Cancer of the uterus (womb) usually develops in postmenopausal women, although it is not uncommon in women under 50. Because of its symptoms, uterine cancer is usually detected in early stages and therefore has a good prognosis.
What are the symptoms of uterine cancer?
Postmenopausal vaginal bleeding or vaginal discharge are the most common presenting symptoms and therefore it is advised to visit a gynaecologist even if there was only one episode of vaginal spotting.
In premenopausal women, irregular, heavy periods need investigation and firstly, cancer needs to be excluded.
How can uterine cancer be diagnosed?
Patients with postmenopausal bleeding should be urgently seen by a gynaecologist for an examination, a vaginal ultrasound scan and a biopsy from the uterus. This biopsy can usually be done as an outpatient procedure (Pipelle biopsy) but occasionally can only be performed under general anaesthesia (D&C). If endometrial cancer is confirmed on biopsy, an MRI-scan is to be performed to assess tumour spread within and outside the uterus.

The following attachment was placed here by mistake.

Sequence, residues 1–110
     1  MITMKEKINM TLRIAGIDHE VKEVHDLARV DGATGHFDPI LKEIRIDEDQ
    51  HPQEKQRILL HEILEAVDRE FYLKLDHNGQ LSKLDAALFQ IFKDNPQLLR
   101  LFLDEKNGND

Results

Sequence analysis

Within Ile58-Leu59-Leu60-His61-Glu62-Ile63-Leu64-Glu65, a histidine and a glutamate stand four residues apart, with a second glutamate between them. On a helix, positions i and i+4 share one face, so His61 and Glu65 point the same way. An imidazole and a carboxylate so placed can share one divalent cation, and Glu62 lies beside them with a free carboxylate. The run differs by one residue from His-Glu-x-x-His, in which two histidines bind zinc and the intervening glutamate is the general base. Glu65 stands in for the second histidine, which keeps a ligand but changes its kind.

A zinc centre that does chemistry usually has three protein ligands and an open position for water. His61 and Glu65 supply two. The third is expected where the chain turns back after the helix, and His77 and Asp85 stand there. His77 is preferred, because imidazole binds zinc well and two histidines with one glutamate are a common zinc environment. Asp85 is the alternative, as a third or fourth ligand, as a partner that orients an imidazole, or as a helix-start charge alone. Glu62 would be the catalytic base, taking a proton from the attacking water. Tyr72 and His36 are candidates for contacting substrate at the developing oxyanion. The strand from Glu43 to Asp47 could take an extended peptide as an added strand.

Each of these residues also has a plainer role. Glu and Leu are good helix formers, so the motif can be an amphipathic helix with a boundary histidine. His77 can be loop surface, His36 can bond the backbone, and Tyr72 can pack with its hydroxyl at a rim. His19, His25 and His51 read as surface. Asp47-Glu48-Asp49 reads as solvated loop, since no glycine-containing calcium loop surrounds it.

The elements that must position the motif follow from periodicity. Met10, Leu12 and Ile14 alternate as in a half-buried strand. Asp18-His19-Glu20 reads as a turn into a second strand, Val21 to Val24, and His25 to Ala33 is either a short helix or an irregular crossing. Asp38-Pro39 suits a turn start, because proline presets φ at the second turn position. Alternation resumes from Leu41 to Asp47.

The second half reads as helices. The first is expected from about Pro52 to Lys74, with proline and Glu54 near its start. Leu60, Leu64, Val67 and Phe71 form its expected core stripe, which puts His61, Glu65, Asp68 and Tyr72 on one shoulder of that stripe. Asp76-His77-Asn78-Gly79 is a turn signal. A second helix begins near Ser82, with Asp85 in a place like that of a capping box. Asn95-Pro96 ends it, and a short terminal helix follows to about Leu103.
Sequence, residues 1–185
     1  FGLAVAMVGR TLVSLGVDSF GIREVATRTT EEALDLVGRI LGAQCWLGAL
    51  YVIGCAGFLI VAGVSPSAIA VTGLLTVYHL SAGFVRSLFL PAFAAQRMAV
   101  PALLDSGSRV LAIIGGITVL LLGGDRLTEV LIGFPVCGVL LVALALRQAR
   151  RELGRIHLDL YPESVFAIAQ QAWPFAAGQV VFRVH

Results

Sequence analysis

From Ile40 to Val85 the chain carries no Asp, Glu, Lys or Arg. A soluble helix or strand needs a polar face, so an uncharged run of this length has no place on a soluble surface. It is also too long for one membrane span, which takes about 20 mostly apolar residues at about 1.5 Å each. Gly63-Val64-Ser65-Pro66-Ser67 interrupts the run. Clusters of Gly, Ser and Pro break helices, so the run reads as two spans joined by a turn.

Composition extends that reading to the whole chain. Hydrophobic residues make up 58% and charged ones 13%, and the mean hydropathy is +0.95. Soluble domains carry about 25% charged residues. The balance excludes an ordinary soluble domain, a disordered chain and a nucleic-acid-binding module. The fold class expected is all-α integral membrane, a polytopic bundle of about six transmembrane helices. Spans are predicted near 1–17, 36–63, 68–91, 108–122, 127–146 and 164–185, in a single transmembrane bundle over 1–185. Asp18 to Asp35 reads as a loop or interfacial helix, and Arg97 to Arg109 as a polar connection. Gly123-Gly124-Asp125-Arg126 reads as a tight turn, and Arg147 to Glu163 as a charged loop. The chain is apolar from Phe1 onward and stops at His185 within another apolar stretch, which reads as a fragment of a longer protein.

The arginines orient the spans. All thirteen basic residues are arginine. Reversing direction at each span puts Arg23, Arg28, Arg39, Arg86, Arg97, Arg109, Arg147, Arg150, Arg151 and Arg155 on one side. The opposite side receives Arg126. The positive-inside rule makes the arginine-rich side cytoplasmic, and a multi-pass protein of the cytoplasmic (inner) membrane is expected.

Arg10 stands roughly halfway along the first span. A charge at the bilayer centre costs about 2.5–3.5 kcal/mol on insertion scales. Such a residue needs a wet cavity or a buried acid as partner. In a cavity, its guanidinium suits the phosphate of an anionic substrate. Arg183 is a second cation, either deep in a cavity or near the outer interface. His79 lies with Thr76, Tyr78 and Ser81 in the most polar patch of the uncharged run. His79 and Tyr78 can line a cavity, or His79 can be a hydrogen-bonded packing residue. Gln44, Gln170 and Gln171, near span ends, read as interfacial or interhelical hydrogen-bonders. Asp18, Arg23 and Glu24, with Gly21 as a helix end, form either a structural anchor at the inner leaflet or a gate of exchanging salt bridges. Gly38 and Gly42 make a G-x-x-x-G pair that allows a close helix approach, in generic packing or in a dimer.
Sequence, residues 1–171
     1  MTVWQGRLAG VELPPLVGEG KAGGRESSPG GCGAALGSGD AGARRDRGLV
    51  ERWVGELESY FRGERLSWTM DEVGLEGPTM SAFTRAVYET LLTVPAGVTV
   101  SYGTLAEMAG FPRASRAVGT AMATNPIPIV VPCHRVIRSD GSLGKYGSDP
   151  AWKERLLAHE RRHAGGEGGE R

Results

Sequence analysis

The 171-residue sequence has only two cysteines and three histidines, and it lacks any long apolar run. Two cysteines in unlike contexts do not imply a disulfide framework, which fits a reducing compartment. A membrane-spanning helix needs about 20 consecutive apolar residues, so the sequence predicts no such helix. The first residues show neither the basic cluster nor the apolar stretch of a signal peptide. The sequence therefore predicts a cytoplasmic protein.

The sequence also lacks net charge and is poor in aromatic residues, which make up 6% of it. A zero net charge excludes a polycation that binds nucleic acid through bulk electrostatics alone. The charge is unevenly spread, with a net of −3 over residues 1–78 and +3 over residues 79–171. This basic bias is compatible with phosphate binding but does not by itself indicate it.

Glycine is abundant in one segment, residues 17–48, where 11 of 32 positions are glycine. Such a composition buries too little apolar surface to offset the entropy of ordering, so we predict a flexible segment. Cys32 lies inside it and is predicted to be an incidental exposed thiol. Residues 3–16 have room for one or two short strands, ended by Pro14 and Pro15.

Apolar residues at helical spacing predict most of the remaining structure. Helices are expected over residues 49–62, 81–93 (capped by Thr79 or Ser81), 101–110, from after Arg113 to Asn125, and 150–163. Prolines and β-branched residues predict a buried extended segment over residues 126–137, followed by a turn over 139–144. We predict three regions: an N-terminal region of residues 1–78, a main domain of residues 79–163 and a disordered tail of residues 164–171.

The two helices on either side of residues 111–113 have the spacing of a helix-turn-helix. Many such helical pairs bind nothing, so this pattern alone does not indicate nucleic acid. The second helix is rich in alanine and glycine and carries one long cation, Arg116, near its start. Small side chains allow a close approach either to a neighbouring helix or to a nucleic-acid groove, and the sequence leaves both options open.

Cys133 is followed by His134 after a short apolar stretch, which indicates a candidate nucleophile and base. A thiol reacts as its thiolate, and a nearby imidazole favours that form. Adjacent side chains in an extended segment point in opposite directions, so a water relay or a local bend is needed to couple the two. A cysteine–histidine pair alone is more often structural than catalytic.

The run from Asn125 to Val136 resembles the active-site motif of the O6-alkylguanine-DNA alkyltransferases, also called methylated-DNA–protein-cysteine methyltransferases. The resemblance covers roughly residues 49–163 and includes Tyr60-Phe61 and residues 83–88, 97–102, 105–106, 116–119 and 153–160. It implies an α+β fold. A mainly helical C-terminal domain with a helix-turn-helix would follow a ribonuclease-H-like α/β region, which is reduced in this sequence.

What is the treatment for uterine cancer
The standard management for uterine cancer is a total hysterectomy (with the removal of ovaries and tubes). Occasionally pelvic lymph nodes are also removed in suspected high-risk cases.
Our standard approach is a laparoscopic hysterectomy to facilitate quicker recovery with less complications. There is substantial evidence that laparotomy (tummy cut operation) should be avoided.
Patients may require radiotherapy after the operation.
The Women’s Cancer Clinic has been set up by leading Consultant Gynaecological Oncologists, Mr Janos Balega and Miss Kavita Singh to provide patients with suspected or proven gynaecological cancer with state of art treatment. They have worked together for ten years in the Cancer Centre in Birmingham and established a Centre of Excellence in the NHS. Our results equate the outcomes of the leading cancer centres in the world.